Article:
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8/11/2019 Transient pressures in hydrotechnical tunnels .pdf

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EARTHQUAKE ENGINEERING A N D STRUCTURAL DYNAM ICS, VOL. 16, 523-539 (1988)

TRANSIENT PRESSURES IN HYDROTECHNICAL TUNNELS

DURING EARTHQUAKES

SLOBODAN B. KOJIC*

University of Southern California, Los Angeles, C A , U.S.A. , and Energoproject Co. , Belgrade, Yugoslavia

A N D

MIHAILO

D.

TRIFUNAC?

Department of Civil Engineering, University of Southern California, Los Anyeles , CA, U . S . A .

SUMMARY

Transient pressures generated by earthquake shaking in hydrotechnical tunnels are evaluated by the discrete Fourier

transform technique. The effects

of

the horizontal ground motion accelerating the closed dow nstream tunnel gate, as well

as the upstream dam face, and the influence of the vertical motion of the reservoir floor are considered in this analysis.A n

example

of

a typical bottom outlet

is

analysed by subjecting

it to

several computed accelerogram s.

It

is shown that

high

hydrodynamic pressures can be developed, several times larger

than

the hydrostatic pressure.

I N T R O D U C T I O N

Hydrotechnical tunnels, penstock and bottom outlets are common elements in many dam projects. Their

functions are to provide efficient and economical means of releasing the water from the reservoir according to

the desired dow nstream use for irrigation or

for

power generation. The conduits which lead the water to the

turbines are usually designed to withstand high hydraulic transient pressures arising in various turbine

operations. Surge tan ks are frequently used to protect the upstream par t of the conduit. For such systems there

is little need for analysis of hydrodynamic pressures due to earthquakes, althou gh som e pressure increase may

be expected. However, hydrotechnical tunnels and bottom outlets for irrigation purposes usually are not

designed for waterhammer effects like the turbine penstocks. In mo st cases such tunnels d o no t have surge

tanks or other openings, which would da m p the transient pressures caused by an earthquake . Usually, they

may have valves or gates located at the upstream intake, at an intermediate point an d at the downstream end.

Owing to various downstream demands, it may happen that the intermediate or the end gates are closed fo r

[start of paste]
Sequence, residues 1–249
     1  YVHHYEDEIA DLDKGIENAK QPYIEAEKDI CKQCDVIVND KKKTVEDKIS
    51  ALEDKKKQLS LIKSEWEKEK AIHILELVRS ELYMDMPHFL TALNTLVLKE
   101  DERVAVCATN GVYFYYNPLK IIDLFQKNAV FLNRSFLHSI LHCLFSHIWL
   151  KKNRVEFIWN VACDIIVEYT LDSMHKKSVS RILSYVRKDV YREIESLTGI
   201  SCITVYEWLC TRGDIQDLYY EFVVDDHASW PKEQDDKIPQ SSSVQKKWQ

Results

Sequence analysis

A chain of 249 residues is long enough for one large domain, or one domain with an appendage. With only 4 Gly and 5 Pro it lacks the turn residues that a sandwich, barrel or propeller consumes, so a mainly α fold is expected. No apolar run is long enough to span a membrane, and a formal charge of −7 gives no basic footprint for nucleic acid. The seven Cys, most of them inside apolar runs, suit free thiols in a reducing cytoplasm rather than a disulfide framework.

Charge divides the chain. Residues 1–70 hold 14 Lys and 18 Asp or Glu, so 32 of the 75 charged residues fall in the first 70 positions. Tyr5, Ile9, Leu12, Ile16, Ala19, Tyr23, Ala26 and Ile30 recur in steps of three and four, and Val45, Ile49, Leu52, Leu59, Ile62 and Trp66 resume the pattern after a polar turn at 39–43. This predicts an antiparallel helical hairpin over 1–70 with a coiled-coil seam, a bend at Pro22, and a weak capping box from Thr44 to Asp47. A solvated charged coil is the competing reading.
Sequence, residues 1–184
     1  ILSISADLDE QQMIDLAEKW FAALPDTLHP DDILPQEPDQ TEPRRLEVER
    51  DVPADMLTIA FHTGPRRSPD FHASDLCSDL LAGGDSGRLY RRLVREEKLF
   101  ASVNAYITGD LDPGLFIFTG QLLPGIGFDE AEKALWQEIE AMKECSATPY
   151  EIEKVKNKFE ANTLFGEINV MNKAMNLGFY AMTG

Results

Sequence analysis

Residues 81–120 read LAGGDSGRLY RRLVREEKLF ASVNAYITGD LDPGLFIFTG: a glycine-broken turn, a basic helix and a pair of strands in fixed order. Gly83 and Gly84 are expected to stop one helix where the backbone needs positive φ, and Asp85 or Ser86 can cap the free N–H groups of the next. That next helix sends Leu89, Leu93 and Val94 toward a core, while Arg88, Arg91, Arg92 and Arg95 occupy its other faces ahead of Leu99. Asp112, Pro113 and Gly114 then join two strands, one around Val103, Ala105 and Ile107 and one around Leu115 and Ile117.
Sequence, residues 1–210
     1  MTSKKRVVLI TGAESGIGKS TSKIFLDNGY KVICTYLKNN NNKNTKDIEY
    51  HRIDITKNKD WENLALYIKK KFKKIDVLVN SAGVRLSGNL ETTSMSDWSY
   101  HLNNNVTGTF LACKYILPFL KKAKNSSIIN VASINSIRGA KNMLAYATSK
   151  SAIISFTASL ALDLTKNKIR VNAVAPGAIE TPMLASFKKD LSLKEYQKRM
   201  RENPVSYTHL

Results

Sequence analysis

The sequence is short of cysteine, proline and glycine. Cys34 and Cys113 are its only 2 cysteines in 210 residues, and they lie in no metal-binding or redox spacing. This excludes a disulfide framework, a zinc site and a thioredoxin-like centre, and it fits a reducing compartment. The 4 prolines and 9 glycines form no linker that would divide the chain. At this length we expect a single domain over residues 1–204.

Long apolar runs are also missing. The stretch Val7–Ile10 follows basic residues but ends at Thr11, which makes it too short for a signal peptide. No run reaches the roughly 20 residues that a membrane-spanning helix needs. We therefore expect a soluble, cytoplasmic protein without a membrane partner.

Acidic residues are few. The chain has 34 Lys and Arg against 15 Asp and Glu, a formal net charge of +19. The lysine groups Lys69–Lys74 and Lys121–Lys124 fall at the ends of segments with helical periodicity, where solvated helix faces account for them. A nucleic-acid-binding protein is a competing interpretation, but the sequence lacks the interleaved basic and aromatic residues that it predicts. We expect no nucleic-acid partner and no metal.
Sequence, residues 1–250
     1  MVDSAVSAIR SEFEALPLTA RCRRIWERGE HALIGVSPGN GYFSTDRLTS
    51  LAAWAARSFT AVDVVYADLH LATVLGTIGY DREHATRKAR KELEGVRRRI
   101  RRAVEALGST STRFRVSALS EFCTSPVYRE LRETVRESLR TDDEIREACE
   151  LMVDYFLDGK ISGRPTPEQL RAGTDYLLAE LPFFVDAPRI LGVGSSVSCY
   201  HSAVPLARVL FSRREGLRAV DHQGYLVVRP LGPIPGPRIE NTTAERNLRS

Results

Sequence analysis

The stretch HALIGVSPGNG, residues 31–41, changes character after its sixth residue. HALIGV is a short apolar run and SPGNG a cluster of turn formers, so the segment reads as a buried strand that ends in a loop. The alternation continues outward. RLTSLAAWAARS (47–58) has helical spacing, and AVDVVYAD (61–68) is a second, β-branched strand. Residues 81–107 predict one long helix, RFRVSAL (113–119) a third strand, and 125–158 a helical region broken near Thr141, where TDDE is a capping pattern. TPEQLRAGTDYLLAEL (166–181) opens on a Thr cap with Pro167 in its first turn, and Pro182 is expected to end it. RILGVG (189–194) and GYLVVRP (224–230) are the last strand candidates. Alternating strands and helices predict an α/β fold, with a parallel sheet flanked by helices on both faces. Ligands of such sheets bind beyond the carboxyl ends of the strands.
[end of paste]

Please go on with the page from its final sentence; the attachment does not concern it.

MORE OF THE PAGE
long periods of time, leaving the upstream condu it part u nder a full reservoir pressure. Under such conditions

in seismically active regions, an ear thq uak e may cause the water pressure to increase or decrease w ith respect to

the hydrostatic pressure or steady pressure conditions. Un derstanding of the transient hyd rodynam ic pressure

caused by earthquakes is of interest for the proper design approach

to

these structures. Failure of the

hydrotechnical tun nel during a n earth qua ke can initiate erosion of su rrou nd ing material and consequently,

depending where a break occurs, it may cause increased uplift un de r the dam , dam abu tm ent failure, stilling

basin

or

spillway damage, hydroelectric power plant break

or

a crash

of

any o ther vital component

of

the dam

system. Any of these events can be a starting point for a dam collapse.

Zienkiewicz' was am on g the first to point out the resonant effects in the bottom outlets due to harmonic

horizontal motion

of

the downstream gate. On a specific project O bradoviC2 carried out an e arth qu ake

*

Research Fellow, University of Southern California, and Staff Member, Energoproject Co.

Professor of Civil Engineering.

0098-8847/88/040523-17$08.50

988

by John Wiley

&

Sons, Ltd.

Received

13

Ma y

1987

Revised 6 October

1987

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524

S.

B. KOJIC AN D

M.

. TRIFUNAC

response analysis of water in the bottom outlet. His model has included only horizontal downstream gate

motion in the generation of hydrody namic pressures due to earth quak es. The m ethod used in his analysis is the

method of characteristics. The results showed that high hyd rodynam ic pressures can be developed during an

earthquake and that these depend on earthquake amplitude and frequency content.

The present analysis has the following objectives.

(a) To illustrate the additional effects

of

upstream bound ary conditions, i.e. the influence of hydrody nam ic

pressures developed during earthquake response of dam and reservoir

floor

on generation of transient

pressures along the bottom outlet.